Not to be left out, one of the best dinosaur roadside attractions you can find is in Canada: Tyra, the World’s Largest Dinosaur!

Tyra, the World’s Largest Dinosaur

Drumheller, Alberta, Canada

The world’s largest dinosaur in Alberta is one of the best dinosaur roadside attractions you can find! At 82-feet high and 151-feet long, it is over twice the size of any other statue in Canada. You can even climb up the stairs inside to get a landscape view out of her mouth.

More Dinosaur Roadside Attractions

Happy Dinosaur Week! We hope you enjoy these dinosaur roadside attractions! Pin this post to save for later:

It's Dinosaur Week here at Silly America! We love dinos, especially big green fiberglass ones — yes, dinosaur roadside attractions! Whether they are a life-sized Tyrannosaurus Rex, a homemade Brontosaurus, a real-life dinosaur footprint or fossil, a gas station mascot, or a museum devoted to the giant reptiles, dinosaur roadside attraction abound in the US and beyond! These tourist attractions are always a site for "saur" eyes! Here are some of our best dinosaur roadside attractions in the US!
It's Dinosaur Week here at Silly America! We love dinos, especially big green fiberglass ones — yes, dinosaur roadside attractions! Whether they are a life-sized Tyrannosaurus Rex, a homemade Brontosaurus, a real-life dinosaur footprint or fossil, a gas station mascot, or a museum devoted to the giant reptiles, dinosaur roadside attraction abound in the US and beyond! These tourist attractions are always a site for "saur" eyes! Here are some of our best dinosaur roadside attractions in the US!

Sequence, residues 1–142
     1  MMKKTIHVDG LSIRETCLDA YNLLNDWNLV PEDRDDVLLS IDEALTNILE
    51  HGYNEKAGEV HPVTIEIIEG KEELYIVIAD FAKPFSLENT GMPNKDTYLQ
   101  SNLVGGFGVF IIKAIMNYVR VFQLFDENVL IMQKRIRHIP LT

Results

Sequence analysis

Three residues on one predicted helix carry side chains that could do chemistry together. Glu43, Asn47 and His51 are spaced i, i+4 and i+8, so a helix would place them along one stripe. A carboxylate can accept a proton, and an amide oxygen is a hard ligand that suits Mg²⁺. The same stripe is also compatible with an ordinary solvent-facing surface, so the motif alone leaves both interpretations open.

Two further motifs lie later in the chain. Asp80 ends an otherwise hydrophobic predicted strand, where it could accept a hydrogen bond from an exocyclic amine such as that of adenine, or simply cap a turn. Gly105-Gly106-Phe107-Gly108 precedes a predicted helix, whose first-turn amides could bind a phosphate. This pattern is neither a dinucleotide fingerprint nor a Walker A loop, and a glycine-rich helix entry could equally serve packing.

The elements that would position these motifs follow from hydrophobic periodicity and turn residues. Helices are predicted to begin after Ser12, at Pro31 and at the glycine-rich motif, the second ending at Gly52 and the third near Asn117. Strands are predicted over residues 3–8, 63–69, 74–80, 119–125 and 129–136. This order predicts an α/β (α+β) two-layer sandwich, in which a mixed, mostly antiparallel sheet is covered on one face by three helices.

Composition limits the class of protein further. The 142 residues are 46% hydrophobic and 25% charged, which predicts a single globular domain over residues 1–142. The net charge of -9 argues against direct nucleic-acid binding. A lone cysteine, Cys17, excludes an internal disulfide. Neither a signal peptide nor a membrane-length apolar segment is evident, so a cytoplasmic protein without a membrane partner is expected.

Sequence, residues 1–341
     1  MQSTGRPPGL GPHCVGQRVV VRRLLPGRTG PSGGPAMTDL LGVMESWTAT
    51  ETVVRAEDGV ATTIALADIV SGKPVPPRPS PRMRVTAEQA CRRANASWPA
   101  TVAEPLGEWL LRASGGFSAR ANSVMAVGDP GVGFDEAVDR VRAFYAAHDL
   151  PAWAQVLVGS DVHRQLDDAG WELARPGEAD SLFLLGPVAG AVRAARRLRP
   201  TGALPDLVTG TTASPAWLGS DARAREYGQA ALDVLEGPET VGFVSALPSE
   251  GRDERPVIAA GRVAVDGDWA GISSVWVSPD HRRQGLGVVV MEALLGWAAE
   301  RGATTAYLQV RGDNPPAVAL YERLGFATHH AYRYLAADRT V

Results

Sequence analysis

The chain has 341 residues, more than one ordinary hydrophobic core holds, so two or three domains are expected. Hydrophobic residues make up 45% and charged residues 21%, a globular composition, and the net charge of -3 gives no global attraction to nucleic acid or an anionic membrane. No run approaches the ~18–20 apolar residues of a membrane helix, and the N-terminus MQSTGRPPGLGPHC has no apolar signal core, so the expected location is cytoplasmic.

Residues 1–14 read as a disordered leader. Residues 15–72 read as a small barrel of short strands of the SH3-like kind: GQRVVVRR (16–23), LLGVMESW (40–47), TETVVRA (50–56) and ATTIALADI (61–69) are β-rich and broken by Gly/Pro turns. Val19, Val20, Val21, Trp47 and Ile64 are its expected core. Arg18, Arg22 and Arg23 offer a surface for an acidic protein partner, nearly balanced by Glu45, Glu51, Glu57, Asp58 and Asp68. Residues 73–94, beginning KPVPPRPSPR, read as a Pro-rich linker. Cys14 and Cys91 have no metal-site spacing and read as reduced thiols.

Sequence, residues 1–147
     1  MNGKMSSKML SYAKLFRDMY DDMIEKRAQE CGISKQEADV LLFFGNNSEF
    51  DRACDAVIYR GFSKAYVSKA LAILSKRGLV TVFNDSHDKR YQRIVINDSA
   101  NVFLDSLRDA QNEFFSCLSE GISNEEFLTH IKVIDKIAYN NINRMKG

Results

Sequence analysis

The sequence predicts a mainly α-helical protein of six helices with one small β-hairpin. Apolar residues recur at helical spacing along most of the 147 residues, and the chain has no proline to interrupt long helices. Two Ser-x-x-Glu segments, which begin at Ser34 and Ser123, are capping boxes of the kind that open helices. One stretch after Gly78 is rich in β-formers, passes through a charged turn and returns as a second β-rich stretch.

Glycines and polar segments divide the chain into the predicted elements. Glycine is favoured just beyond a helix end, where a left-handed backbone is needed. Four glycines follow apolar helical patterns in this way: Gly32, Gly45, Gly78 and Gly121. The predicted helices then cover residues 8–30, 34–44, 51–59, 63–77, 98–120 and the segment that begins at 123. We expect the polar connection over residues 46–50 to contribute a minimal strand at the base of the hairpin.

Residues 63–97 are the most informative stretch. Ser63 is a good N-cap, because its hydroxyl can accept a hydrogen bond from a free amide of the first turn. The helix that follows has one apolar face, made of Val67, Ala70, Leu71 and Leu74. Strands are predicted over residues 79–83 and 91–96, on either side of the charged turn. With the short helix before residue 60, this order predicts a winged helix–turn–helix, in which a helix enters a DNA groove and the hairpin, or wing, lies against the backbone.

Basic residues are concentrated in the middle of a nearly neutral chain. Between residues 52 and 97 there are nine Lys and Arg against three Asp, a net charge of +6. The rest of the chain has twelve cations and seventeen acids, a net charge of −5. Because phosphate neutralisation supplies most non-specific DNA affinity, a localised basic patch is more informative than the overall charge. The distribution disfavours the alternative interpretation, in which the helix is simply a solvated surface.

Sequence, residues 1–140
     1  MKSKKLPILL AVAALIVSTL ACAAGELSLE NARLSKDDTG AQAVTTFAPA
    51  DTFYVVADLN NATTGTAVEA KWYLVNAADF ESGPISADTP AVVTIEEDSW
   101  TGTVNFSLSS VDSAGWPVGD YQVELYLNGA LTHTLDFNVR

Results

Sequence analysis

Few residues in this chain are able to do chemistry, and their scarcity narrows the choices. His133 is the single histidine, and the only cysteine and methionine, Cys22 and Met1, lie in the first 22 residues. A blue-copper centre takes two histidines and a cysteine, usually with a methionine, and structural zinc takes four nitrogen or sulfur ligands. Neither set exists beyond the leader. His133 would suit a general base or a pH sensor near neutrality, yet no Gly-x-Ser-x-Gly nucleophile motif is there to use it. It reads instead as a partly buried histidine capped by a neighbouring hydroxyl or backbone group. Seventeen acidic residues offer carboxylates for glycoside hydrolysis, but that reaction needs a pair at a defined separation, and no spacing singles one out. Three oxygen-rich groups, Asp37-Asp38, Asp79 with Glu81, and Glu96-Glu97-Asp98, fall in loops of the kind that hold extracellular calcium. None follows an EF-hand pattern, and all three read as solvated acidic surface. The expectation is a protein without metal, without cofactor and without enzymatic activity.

Valerie Bromann

Founder & ROad Trip Expert

Valerie Bromann is a a website manager, content creator, and writer from Chicago, Illinois (currently living in Dallas, Texas). As an avid road tripper who has visited hundreds of roadside attractions, Val always pull over for a world’s largest thing. Founder of Silly America and author of The Road Trip Journal & Activity Book, she visits, photographs, and writes about all the weird tourist destinations she visits and offers road trip planning advice and inspiration based on her own travels so you can hit the road for yourself.

World's Largest Mailbox in Casey, Illinois roadside attraction

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Last modified: November 26, 2022
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The Road Trip Journal & Activity Book - Everything You Need to Have and Record an Epic Road Trip! By Valerie Bromann

The Road Trip Journal & Activity Book

Everything You Need to Have and Record an Epic Road Trip!

BY Valerie Bromann

Enjoy fun games and challenges to pass the time on your next road trip and have a keepsake to look back on for years to come with this entertaining must-have for your next vacation.

The road trip you’ve been dreaming of starts here! Journal about your stops and get to know your fellow passengers with activities and exercises designed to pass the time and bring you closer together. Instead of “Are we there yet?” you’ll find yourself asking, “We’re there already?”. Complete with prompts you can turn to while driving between locations, this journal will one day be a memento of your life-changing trip.